• Check for missing, loose, or damaged hardware on doors (including closet doors and cabinet doors), drawers (stops and guides), and windows.

  • Check that latches/locks work on doors (including closet doors and cabinet doors), drawers, and windows.

  • Check for loose glass panes in windows and doors, as well as glass with holes or cracks in them.

  • Check for damage to screen windows.

  • Remove excessive storage (closets, attic, garage).

  • Check for damage to walls and ceilings that need to be patched and painted.

  • Check for moisture stains on ceilings and walls; around doors and windows; near sinks, toilets, bathtubs, and showers; and near the dishwasher.

  • Check for loose, missing, or damaged guardrails and handrails in stairways.

  • Check for loose, broken or missing baseboards and door and window moldings.

  • Check for cracked tiles or deteriorated grouting in kitchen and bathrooms.

  • Check that kitchen appliances work.

  • Check that an anti-tip device is installed on the range.


  • Check that seismic straps are on the water heater.

  • Check that stoppers work in bathtubs and sinks.

  • Check for clogged drains.

  • Check that toilet seat bolts and screws are tight.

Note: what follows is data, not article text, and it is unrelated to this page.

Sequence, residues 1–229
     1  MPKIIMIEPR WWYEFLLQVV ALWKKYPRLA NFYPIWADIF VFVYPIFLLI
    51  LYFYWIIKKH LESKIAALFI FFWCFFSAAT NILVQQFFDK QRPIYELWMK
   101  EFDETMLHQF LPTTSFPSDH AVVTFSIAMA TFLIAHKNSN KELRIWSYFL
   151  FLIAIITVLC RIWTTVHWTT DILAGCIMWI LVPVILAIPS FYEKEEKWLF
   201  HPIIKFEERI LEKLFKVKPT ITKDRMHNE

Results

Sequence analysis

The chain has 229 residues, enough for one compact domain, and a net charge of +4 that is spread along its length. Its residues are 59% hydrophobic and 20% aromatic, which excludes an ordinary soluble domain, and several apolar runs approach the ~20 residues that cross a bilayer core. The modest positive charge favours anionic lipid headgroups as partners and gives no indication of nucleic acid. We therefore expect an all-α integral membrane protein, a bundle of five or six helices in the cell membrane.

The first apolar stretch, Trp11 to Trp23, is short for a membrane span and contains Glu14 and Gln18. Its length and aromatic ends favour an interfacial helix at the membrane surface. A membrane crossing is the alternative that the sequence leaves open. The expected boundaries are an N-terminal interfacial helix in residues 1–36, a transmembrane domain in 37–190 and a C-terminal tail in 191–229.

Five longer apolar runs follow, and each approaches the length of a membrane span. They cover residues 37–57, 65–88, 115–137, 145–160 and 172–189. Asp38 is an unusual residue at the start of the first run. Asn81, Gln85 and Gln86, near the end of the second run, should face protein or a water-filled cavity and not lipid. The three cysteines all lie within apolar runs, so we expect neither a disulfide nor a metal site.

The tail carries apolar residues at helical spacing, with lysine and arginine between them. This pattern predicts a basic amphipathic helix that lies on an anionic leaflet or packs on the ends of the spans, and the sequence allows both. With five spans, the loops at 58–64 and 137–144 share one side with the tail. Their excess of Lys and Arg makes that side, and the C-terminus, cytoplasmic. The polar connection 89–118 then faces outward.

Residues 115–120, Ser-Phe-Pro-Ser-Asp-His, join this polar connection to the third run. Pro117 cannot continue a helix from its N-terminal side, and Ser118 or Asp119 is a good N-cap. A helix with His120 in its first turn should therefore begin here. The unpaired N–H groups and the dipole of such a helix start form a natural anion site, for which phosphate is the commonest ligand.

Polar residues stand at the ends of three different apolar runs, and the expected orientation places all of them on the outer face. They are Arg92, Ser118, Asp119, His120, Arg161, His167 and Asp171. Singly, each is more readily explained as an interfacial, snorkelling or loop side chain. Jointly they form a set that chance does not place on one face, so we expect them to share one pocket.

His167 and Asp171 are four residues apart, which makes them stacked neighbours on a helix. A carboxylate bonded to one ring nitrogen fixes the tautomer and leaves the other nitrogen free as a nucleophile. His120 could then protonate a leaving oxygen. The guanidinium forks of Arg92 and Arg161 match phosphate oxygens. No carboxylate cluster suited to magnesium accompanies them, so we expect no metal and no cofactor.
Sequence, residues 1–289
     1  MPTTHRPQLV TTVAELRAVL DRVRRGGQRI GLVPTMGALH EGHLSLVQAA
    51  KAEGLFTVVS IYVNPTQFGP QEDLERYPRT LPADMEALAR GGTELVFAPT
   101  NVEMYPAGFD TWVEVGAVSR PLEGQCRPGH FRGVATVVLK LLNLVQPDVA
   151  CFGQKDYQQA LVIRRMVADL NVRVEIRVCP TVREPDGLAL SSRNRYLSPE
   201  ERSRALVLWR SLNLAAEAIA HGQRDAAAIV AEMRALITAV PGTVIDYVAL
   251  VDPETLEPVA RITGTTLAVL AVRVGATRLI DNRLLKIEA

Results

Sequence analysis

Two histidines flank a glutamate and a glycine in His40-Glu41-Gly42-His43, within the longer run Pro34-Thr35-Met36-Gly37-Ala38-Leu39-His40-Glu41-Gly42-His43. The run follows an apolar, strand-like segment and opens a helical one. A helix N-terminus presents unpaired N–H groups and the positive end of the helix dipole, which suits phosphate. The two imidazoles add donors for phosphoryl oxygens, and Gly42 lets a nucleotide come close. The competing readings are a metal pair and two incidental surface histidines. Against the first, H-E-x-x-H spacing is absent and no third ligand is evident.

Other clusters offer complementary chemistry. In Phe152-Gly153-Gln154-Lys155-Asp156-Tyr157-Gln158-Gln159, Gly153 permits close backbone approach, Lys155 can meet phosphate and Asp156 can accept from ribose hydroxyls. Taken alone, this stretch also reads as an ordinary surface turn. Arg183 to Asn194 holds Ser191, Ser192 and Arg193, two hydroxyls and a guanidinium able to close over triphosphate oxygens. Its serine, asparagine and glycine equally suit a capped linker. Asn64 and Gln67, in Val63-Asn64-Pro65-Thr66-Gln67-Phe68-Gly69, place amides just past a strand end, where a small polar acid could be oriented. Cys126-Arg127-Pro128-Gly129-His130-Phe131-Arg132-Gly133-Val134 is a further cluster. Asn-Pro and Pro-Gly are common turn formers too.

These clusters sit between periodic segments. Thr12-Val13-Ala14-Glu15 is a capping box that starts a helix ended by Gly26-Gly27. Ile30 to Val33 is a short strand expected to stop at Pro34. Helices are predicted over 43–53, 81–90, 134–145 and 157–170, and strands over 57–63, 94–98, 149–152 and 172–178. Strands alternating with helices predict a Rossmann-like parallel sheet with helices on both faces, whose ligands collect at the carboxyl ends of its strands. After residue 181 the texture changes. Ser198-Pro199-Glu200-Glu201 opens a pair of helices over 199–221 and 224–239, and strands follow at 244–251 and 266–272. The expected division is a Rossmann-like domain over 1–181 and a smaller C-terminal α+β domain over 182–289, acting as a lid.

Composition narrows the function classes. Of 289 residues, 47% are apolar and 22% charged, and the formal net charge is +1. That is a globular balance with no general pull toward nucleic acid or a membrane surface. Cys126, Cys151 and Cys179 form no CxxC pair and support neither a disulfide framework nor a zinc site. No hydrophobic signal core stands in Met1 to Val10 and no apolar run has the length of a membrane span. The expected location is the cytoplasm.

• Check that faucets don’t drip or leak around the base.

  • Check stop action on faucets handles.

  • Check condition of caulk/grout in bathtubs/showers.

  • Check insulation on water pipes in attic and foundation crawl space.

  • Check for safe and easy access to any water shutoff valves (street curb, exterior, water heater, sinks, toilets, washer, etc.).

  • Check for safe and easy access to any gas shutoff valves (meter, furnace, water heater, etc.).

  • Check for loose toilets and loose toilet tanks.


  • Check for safe and easy access to electric panels and main circuit breaker.

  • Check that ceiling fans work on all speeds.

  • Check for burned out light bulbs, including ceiling fans.

  • Check for damaged or loose outlets and light switches, including covers for outlets and switches.

  • Check that outlets work.

  • Remove extension cords and outlet multipliers.

  • Check for unplugged appliances, and unplug anything that is unnecessary to facilitate outlet testing by the buyer’s home inspector.